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Kabul, Aydogdu, and Tasci: Ankle-brachial Index, Peripheral Arterial Disease, and Diabetic Retinopathy
Dear Editor
We read with interest the article by Yun et al. [1], who reported that the frequency of diabetic retinopathy was associated with the presence of arterial stiffness as measured by the brachial ankle pulse wave velocity, but not with common carotid artery intima-media thickness, carotid plaque, or peripheral arterial disease (PAD), in a Korean sample of type 2 diabetic patients. They suggested that the association between macroangiopathy and microangiopathy may be due to a functional rather than structural process within the vascular system, although arterial stiffness is widely accepted as a structural phenomenon characterized by medial calcium accumulation in the vessel wall.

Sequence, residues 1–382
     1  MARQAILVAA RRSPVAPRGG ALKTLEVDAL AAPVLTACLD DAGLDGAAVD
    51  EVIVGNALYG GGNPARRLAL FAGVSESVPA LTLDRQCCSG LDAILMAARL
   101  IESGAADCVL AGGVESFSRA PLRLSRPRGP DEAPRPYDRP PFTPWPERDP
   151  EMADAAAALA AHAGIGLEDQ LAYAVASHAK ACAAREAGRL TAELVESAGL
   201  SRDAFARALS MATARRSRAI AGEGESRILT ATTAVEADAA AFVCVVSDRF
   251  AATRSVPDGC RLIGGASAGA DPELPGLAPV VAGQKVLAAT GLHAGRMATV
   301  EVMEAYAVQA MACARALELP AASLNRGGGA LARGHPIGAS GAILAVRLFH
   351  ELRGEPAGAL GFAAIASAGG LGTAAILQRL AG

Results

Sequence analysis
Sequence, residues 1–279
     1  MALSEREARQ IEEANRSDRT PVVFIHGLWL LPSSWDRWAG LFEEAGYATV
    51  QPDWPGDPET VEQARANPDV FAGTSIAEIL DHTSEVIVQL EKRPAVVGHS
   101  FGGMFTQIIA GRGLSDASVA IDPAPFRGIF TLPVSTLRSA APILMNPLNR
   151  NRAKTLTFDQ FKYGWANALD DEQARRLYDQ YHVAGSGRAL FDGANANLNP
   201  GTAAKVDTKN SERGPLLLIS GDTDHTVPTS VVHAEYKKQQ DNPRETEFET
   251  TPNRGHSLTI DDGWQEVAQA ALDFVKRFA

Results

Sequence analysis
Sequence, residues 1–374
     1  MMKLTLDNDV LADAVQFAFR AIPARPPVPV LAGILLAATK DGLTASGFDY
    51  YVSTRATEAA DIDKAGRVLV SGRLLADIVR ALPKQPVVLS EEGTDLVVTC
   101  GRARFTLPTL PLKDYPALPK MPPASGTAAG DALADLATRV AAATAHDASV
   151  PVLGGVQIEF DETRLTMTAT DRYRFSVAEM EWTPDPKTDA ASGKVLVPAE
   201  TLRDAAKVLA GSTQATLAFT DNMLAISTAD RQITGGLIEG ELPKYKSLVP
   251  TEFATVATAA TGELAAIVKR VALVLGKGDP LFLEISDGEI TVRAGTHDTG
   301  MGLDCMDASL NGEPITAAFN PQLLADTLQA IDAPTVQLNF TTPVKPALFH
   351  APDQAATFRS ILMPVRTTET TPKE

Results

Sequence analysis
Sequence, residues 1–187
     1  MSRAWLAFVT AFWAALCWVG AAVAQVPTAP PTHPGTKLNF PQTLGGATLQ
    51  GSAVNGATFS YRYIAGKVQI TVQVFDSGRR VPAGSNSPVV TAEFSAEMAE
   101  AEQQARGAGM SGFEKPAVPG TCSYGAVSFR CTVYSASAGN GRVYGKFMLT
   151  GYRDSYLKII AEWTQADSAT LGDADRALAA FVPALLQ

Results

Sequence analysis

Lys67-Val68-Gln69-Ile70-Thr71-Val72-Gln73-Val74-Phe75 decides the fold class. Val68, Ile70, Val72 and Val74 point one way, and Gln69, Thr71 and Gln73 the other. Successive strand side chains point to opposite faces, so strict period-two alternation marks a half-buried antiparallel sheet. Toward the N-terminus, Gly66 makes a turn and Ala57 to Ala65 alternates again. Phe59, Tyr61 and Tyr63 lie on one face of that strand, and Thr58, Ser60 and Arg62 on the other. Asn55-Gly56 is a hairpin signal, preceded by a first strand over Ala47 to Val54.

Yun et al. [1] found no relation of PAD as diagnosed by ankle brachial index (ABI) measurement to the presence of retinopathy in their diabetic participants. They successfully discussed this finding in light of the previous studies that had displayed conflicting data with respect to an association with microangiopathy and clinical or subclinical atherosclerotic diseases. They also linked their "negative condition" findings to several factors such as selective survival, discordant sample sizes in the tested groups, population characteristics, image magnification limitations, or the age distributions in their study population. At this point, we needed to make some more contribution by going through the diagnosis of PAD by ABI measurement in people with diabetes mellitus.